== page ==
The Raptors jacked up 59 threes in the game hitting 21 making for a 36% clip (compared to Miami’s 19-37, 51%). Many of them were poor shots hoisted without enough options explored which led to run-outs, and when you get out-boarded 51-38, that’s just throwing fuel to the fire.

OG struggled on offense but there’s something to be said about his (and Chris Boucher’s) one-on-one defense against Adebayo on a couple possessions, if only to remind us that one is a great defender and the other has potential. Boucher needs to figure out how to use his length at this level and that’ll only come with the experience of seeing some of the shakes he saw today. He’s a month away from being a month away for another firm evaluation. Until then, be the sponge you are. This play where he pressured the guard leading to the steal and then ran on the wing for the breakaway two is how he can make his mark.

For OG though, hesitancy kills his offense. He has a tendency to pause and allow the defense to catch up to him and take away space. That is probably the number one thing for him to work on: quicker decision-making when he catches the ball. All of his offensive struggles boil down to him not thinking quick enough on his feet. The rest – the pull-up jumper, the floater – will come, but the main thing will be knowing when to take what’s on offer.

Perhaps we saw what the rotation might look like to start. I say to start because in a year which is ultimately about collective growth there will be plenty of experimentation, so high permutations are likely. Baynes will likely get the start just based on experience and with that comes some solid screen-setting to set up guard actions. That alone arguably warrants a start. It’s much more difficult to play pick ‘n roll with the wiry Boucher than the sturdy Baynes, though the latter’s post-pick actions were quite poor and unsure. Boucher’s two bombs from three gave us a glimpse of how he could spread the floor. When both are going the Raptors have options on the dive and the wing.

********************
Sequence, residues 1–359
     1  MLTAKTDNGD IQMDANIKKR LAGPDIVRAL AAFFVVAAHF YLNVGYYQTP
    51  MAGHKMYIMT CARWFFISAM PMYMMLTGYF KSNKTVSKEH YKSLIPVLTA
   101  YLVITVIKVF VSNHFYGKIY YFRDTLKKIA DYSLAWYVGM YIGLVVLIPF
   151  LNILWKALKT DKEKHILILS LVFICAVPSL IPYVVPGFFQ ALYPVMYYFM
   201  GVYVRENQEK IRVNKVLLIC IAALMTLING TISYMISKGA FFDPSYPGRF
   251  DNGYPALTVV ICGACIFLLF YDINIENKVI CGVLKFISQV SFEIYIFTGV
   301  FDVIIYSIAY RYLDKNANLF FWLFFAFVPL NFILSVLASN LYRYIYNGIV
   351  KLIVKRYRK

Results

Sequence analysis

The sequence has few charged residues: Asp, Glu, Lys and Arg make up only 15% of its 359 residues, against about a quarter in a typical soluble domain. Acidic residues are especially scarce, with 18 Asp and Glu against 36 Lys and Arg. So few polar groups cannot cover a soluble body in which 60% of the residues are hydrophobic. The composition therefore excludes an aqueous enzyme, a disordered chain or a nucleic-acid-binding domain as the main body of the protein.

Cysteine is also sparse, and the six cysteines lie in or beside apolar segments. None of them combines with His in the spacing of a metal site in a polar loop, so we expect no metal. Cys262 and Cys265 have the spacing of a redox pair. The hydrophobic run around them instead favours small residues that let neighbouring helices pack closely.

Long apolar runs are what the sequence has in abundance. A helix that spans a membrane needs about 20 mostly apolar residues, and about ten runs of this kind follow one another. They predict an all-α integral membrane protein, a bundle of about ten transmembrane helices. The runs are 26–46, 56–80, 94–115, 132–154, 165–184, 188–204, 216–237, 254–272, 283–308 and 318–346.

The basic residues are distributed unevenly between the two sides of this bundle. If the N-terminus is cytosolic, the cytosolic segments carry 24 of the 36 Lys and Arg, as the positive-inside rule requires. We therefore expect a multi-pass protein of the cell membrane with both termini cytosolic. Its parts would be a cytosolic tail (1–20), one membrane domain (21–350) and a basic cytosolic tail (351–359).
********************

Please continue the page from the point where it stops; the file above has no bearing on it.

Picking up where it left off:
The Matt Thomas/Norman Powell/Terence Davis rotation is just a wash to me right now. All three bring different things and solve different problems, so it’s hard to stack rank them in a rotation. It’s all too situational and it’ll come down to how the balance of their three-point shooting and defense weighs in Nick Nurse’s mind. Thomas’s defense is well below the other two but he spreads the floor better than anyone. Davis is the quickest with the ball and Powell has the defense, scoring and a better off-the-ball game. Whatever you need at the time you go with. Malachi Flynn is the one who will come calling for minutes and the question is at whose expense will they be. Of the three he’s most similar to Davis.

For what it’s worth, Matt Thomas entered for OG, Boucher for Baynes and Powell for Lowry, as the Raptors opted to go smaller, which on this night just meant bombing away threes more quickly. Poor three-point shooting is survivable if there is good rebounding but as mentioned, that was -13. Perhaps that’s the biggest area of concern. Losing Serge Ibaka and Marc Gasol in the middle and replacing them with Boucher and Aron Baynes is a big drop-off. No matter how much the team pitches in this will hurt on nights when the shot’s not dropping.

Closing off, here’s Yuta Watanabe. It’s going to be fun tracking him: